The world is officially on the brink of a sixth mass extinction event, primarily because of humans and their shortsighted antics. Leading scientists are now warning that we need to make urgent changes to the way we manage Earth’s resources if we want to prevent a truly apocalyptic biodiversity crisis, as explained in an editorial published in the journal Science on Friday.
In short, they argue that humans need to start sharing the planet with our fellow inhabitants, otherwise it could be very bad news for us all.
The editorial, written by the National Geographic Society’s chief scientist Jonathan Baillie and Chinese Academy of Sciences biologist Ya-Ping Zhang, explains that the world’s governments are meeting at the Convention on Biological Diversity in Beijing to discuss biodiversity targets. If we want to avoid the collapse of the world’s wildlife, they argue that policymakers need to push to protect 50 percent of the world’s land and oceans by 2050, and aim to protect 30 percent by 2030.
“Simply put, there is finite space and energy on the planet, and we must decide how much of it we’re willing to share,” Zhang and Baillie write.
“If we truly want to protect biodiversity and secure critical ecosystem benefits, the world’s governments must set a much more ambitious protected area agenda and ensure it is resourced.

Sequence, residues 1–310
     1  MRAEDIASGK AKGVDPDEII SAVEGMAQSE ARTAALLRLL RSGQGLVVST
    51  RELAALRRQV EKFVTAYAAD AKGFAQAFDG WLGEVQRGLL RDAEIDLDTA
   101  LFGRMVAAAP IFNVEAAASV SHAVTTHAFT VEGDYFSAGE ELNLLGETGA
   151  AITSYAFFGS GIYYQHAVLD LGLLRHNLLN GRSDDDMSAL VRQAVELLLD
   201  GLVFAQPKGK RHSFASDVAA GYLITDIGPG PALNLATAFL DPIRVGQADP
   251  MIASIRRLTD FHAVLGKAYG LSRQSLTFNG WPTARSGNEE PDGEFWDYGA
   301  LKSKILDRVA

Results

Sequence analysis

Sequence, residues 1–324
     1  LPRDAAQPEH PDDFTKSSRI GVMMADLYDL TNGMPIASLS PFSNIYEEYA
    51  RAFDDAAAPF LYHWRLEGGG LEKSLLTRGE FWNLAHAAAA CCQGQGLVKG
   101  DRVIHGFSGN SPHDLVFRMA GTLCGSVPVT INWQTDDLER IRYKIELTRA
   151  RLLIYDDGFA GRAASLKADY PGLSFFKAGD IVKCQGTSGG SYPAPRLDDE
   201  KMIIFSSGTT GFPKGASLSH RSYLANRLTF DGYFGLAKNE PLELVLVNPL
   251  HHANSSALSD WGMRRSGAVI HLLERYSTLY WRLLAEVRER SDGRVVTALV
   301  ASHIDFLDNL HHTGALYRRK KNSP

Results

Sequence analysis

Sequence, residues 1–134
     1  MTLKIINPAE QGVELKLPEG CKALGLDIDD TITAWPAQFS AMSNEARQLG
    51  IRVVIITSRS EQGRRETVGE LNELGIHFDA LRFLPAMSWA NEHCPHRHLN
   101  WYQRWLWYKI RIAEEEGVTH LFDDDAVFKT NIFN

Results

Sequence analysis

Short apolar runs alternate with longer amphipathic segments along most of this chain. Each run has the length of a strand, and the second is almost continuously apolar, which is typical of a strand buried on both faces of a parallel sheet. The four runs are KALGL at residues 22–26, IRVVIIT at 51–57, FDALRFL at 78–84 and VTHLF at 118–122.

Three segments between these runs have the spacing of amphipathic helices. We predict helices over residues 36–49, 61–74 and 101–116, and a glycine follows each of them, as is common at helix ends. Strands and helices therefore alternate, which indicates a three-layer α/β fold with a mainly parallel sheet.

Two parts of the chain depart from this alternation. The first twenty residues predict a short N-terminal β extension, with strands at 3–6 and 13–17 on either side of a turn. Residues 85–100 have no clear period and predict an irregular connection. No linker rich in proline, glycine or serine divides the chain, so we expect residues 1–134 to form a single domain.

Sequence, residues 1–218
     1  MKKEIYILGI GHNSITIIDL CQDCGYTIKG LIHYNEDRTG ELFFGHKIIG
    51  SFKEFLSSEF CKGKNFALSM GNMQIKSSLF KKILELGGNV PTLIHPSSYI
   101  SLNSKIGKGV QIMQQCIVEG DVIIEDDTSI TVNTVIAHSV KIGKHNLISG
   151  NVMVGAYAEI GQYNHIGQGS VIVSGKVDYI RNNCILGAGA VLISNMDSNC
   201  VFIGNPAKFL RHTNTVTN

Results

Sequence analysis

“Both from an ethical and a utilitarian viewpoint, this depletion of natural ecosystems is extremely troubling.”
Most scientific estimates find between 25 and 75 percent of an ecosystem needs to be heavily protected to safeguard biodiversity. While this editorial is aiming bang in the middle of this estimation, Zhang and Baillie concede that this is still a colossal challenge.
“Targets set too low could have major negative implications for future generations and all life. Any estimate must, therefore, err on the side of caution,” they explain.
By no coincidence, the new wave of extinction comes at a time of exponential human population growth. As of 2018, there are 7.4 billion humans on the planet, but that could rise to 10 billion by 2050. Humans make up around 36 percent of the mammalian biomass on Earth. An unbelievable 60 percent is livestock used by humans, while the remaining 4 percent is made up of wild mammals.
This weighty human presence is understandably having an effect on the environment and its inhabitants, whether it’s through habitat destruction, overhunting, or the introduction of invasive species. If we’re going to act, it’s got to be soon.
“How much of the planet should we leave for other forms of life? This is a question humanity must now grapple with,” the scientists add.